Businesses need to take a closer look at the service level agreements signed with their cloud providers before inking a contract, industry watchers advise, particularly after the recent outage of Amazon Web Services' (AWS) Elastic Compute Cloud (EC2) which impacted a number of high-profile customers.
Chris Morris, research director for cloud technologies and services at IDC Asia-Pacific, said unscheduled outages are "a fact of life" for both cloud and non-cloud systems. The lesson that needs to be learnt from the AWS outage is that immunity from system downtimes cannot be guaranteed by outsourcing that responsibility to a third-party vendor, he added.
"Any IT professional should always have contingency and continuity plans in place to ensure the ongoing operation of critical systems and not assume it is being looked after by [one's service provider]," Morris said in an e-mail interview.
In the EC2 outage, AWS had actually fulfilled its SLA requirements with its customers, he added, noting that the lack of understanding over responsibilities outlined in the SLA was in fact the root cause of disruption suffered by the affected companies.
Lydia Leong, research vice president at Gartner, elaborated on how understanding SLAs in this instance, could have helped AWS' affected clients better provision for such downtimes. She wrote in her blog post that Amazon's SLA for EC2 is 99.95 percent for multi-availability-zone deployments, which meant customers should expect about 4.5 hours of total region downtime each year without the cloud provider violating the SLA.
Furthermore, Leong said the SLA defines unavailability as "a lack of external connectivity to EC2 instances, coupled with the inability to provision working instances".
"In this case, EC2 was just fine by that definition. It was [Amazon's Elastic Block Service (EBS) and Relational Database Service] that did not meet the SLA, and neither of these services have SLAs," she noted.
The Apr. 21 service outage had triggered a large amount of re-mirroring of EBS volumes in Amazon's northern Virginia site, created a shortage of capacity in this availability zone. This shortage, in turn, impacted new EBS volume creation as well as the pace with which AWS could re-mirror and recover affected EBS volumes, Amazon revealed in an earlier report.
Morris urged companies, particularly small and midsize businesses (SMBs), to understand what is and is not covered by the contract, as part of their pre-contract due diligence process.
"While cloud vendors are upgrading cloud services and associated SLAs, their customers will also have to pay close attention to the contract they have signed," the IDC analyst said. "Unfortunately, many of the early cloud users are in the SMB category with little or no understanding of proper due diligence processes."
Rackspace Hosting's Asia-Pacific managing director, Jim Fagan, concurred. He told ZDNet Asia in an e-mail that every cloud provider offers differing levels of redundancy, reliability and SLAs, and businesses should first conduct their own due diligence to determine if the provider is living up to its promises and offering SLAs to support its guarantees.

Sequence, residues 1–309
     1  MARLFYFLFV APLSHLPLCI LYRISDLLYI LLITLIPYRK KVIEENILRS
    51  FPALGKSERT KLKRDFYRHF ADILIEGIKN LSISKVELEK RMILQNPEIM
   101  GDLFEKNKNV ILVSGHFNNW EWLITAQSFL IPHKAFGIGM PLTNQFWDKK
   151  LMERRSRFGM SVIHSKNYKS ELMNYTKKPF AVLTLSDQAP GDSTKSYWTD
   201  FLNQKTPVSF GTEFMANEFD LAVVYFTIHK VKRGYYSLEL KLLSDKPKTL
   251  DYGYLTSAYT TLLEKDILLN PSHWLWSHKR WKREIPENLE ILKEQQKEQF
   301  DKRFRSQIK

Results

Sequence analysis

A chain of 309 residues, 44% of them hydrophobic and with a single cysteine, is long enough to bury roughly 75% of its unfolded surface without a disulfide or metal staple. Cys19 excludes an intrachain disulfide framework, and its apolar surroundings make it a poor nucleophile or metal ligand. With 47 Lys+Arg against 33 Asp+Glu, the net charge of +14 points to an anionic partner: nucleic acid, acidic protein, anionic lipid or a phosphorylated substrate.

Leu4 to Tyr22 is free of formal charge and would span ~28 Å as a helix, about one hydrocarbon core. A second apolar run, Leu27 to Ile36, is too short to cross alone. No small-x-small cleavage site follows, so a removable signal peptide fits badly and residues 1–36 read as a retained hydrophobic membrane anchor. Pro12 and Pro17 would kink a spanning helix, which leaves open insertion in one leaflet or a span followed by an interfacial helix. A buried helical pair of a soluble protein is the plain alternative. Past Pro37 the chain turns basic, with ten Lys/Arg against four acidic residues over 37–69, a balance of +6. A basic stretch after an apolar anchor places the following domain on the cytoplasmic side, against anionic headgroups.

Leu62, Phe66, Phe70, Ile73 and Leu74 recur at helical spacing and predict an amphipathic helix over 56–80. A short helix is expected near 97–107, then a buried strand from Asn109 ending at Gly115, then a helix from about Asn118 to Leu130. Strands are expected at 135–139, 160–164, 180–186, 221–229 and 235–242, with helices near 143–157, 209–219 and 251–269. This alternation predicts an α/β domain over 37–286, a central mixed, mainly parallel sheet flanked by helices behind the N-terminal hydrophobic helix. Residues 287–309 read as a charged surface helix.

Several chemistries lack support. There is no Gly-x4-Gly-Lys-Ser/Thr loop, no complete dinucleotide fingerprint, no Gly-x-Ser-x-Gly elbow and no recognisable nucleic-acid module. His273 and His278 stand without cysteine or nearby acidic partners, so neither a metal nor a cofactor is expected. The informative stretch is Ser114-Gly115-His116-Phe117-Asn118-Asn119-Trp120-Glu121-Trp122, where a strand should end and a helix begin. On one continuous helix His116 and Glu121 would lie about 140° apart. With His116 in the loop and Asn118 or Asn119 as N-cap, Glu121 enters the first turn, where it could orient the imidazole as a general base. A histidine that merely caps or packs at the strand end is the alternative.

Companies should also weigh whether the offered SLAs are acceptable based on their business needs, Fagan added.
With regard to the AWS outage, he noted that while the incident highlighted risks associated with cloud computing, it also showed examples of how cloud systems actually "created a more redundant and stable platform" that is difficult to achieve in a traditional datacenter environment.
"There were many companies that utilized the elasticity and cost advantages of cloud computing to architect a robust disaster recovery plan which allowed them not to be affected by the outage," he said.
Deploying business backups
Meanwhile, Akihiro Okada, president of Fujitsu's cloud business support unit, said infrastructure-as-a-service (IaaS) vendors ought to have the "same level of design, construction and maintenance in highly-reliable cloud platforms that are on par with standard, on-premise data centers".
Additionally, there should be backup systems in centers located in different regions to offer operational continuity, Okada said in an e-mail interview. Itself an IaaS vendor, Fujitsu currently hosts its cloud services via six locations worldwide, he noted.
"Prior to concluding a contract, we make sure that customers understand planned outages, failure reports, support conditions and SLAs, among other issues," he shared. "Fujitsu conveys to its sales teams and customers that contracts are concluded only upon having achieved a clear understanding of conditions."
Apart from operational continuity, multi-location hosting would also help solve the challenge of data sovereignty, said Andrew Milroy, vice president of ICT research in Asia-Pacific, Frost & Sullivan.
He said many cloud providers only have data centers in the United States, and this means their customers' stored data is subject to that country's laws. This, Milroy explained, would be an issue for governments or financial institutions that might be required to keep data within the country and not be able to use a cloud provider that only has data centers outside the country.